THE ENVIRONMENTAL IMPLICATIONS OF LAND USE AND LAND COVER CHANGES AROUND A MINED AREA AT MADAYIPARA IN KANNUR DISTRICT, KERALA STATE, INDIA

Abstract: The land use and land cover (LULC) pattern of an area is determined by natural process and human utilization over time and space. Human interventions of mining activities and its surrounding area cause changes in landcover and land use pattern. The land use and land cover changes in Madayipara area of Kannur district, Kerala State, India, which contains the area of clay mining has been studied. The spatial distribution and temporal changes of different land use and land cover classes were attempted. Landsat-5 Thematic Mapper and Sentinel-2 satellite imageries were used to study the changes in vegetation pattern, land modification and changes in water bodies. Distinct increase in area of mining area was not visible, as the excavation was mostly happened vertically in the same areal coverage. This study is helpful in the better management of environmental sustainability.


Key words: Mining Area; Land cover; Land use; Environment

Introduction
Land cover indicates the physical appearance of the land surface, such as grasslands, forest, bare soil, exposed rock, developed land. Whereas, land use indicates the purpose for which the land is used, like residential, commercial, agricultural, managed forest and rangeland. Together land use and land cover information suggest specific characteristics of the land surface, such as imperviousness, solar reflectivity, vegetation type and building morphology, this can be incorporated into environmental models as distributed or bulk parameterizations (Burian et al., 2002). Since the land is changing by natural process and human interferences, the information on land use and land cover is important for planning and management of resources needed for human welfare (Opeyemi, 2006). Remote sensing data plays a major role for mapping earth surface features (Mohammed-Aslam et. al, 2006; Reis, 2008; Mohammed-Aslam et. al, 2010). It is used as a powerful tool to monitor the Earth’s surface, particularly in producing land use and land cover (LULC) classifications (Christoph et al., 2016). Remotely sensed data are useful for the mapping of land use and land cover (Jeffrey and Jonathan, 2003). The easy availability of coarse spatial resolution satellites is useful in the land use and land cover classification for environmental studies. The Sentinel-2 satellite by ESA (European Space Agency) is ideal for classification of land use and land cover as it is having 13 high quality radiometric bands (Borràs, et al., 2017). Sentinel-2 is a satellite owned by ESA, provides long-range of electromagnetic information with wide coverage and good spatial and temporal resolution (Zheng et al., 2017). The recent studies using Sentinel satellites (Gordana, 2018; Rao and Kumar, 2017; Steinhausen et al., 2018; Nicola et al., 2017) for land use and land cover mapping have demonstrated that Sentinel satellite imageries are highly suitable for land use and land cover mapping. Several land use and land cover studies were conducted using Landsat 5 satellite and it was found as suitable data for land use and land cover analysis study. The study conducted by Abdel Rahman in 1996 to map the LULC using Landsat 5 for East Nile Delta, Egypt, showed the capability of Landsat 5 data for land use and land cover classification. Landsat 5 Thematic Mapper for the year 2000 and Sentinel data for 2017 respectively were used in this study. An attempt has been made to map the land use and land cover of present study area using Sentinel-2 and Landsat satellite images.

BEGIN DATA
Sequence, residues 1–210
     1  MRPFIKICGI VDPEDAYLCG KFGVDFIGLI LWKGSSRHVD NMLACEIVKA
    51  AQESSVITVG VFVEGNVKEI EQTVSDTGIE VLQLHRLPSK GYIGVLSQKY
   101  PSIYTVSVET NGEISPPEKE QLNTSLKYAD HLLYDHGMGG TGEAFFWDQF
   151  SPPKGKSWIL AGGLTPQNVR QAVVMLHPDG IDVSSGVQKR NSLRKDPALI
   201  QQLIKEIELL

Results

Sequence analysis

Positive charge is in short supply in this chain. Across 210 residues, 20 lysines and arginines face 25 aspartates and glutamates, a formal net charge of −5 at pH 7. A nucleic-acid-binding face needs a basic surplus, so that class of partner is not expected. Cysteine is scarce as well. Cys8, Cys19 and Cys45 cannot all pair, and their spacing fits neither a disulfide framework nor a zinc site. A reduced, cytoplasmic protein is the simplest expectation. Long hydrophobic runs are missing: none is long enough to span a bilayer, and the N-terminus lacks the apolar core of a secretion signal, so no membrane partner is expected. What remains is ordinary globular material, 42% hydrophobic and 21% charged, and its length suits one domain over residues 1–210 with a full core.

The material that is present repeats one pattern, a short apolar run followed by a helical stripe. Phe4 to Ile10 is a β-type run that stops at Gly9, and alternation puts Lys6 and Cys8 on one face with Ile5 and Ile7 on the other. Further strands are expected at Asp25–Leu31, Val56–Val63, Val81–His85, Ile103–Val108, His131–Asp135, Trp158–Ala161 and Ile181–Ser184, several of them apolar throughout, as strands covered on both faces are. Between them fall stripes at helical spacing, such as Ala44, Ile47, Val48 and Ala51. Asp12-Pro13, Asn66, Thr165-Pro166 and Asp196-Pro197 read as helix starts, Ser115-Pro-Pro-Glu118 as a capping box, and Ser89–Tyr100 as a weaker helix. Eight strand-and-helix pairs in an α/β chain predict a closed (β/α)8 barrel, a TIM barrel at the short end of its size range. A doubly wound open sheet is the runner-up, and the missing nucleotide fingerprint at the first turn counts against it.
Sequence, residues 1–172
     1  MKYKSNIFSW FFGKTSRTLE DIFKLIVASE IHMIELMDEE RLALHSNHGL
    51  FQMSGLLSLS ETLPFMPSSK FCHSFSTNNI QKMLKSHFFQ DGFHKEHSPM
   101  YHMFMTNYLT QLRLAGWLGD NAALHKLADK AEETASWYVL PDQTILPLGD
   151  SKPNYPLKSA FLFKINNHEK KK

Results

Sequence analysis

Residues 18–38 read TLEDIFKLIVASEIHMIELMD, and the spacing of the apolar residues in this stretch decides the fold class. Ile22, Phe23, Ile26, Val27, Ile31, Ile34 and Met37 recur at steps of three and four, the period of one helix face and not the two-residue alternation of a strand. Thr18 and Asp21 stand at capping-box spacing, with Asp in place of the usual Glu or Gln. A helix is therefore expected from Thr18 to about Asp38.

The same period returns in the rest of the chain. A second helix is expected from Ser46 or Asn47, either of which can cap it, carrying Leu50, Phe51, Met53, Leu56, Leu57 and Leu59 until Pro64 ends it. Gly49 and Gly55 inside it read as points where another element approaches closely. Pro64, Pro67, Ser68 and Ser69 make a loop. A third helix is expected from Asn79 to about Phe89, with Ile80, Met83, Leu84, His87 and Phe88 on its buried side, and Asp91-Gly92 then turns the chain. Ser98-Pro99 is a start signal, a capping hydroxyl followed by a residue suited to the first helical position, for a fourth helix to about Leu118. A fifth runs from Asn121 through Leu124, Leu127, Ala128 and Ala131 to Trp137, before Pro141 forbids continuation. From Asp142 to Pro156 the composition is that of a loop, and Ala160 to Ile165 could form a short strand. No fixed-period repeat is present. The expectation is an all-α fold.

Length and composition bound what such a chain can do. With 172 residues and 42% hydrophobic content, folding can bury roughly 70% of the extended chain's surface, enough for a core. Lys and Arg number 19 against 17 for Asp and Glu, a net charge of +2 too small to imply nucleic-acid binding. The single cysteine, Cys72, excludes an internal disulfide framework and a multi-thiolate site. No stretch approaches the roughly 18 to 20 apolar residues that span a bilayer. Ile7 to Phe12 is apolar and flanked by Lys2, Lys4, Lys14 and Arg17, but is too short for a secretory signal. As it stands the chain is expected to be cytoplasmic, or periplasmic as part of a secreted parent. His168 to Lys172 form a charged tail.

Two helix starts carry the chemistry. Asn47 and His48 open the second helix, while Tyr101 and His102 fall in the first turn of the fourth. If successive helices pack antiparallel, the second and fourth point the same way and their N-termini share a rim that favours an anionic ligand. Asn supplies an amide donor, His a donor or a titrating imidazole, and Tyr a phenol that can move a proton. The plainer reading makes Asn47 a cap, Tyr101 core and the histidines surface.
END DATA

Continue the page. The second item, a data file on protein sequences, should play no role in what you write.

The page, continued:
Since the land use and land cover classification provides the base for many applications, the selection of appropriate classification algorithm and accuracy is very important (Ustuner et al., 2015) in this process. Supervised, unsupervised, hybrid classification, maximum likelihood classifier, artificial neural network classifier, object-based image analysis and supportive vector machine are the techniques used for classification purposes (Abburu and Golla, 2015). Among the existing satellite image classification techniques, Supportive Vector Machine (SVM) classification was highly used in recent time due to optimal separating hyperplane between classes (Bahari et al., 2014). SVM is one of the best superior machine learning algorithms for classification of high dimensional data (Huang et al., 2002). This algorithm was widely adopted for remote sensing data analysis. It is a nonparametric supervised classification algorithm that is proved to be a robust method used for pattern recognition (Sukawattanavijit and Chen, 2017). The use of SVM algorithm is getting increased attraction due to the advantages it possesses (Martins et al., 2016). The result obtained from SVM classification is relatively better than maximum likelihood classifier (Taati et al., 2014). Therefore, keeping the advantages and accuracy of results, the SVM classification method has been followed in this study.

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By:

MA Mohammed Aslam, Lalitha M. and B. Mahalingam
Department of Geology, Central University of Karnataka, Kalaburagi (Karnataka), India
Department of Geology, Government College, Kasaragod (Kerala), India
Department of Geography, Central University of Karnataka, Kalaburagi, (Karnataka), India
Email: [email protected]

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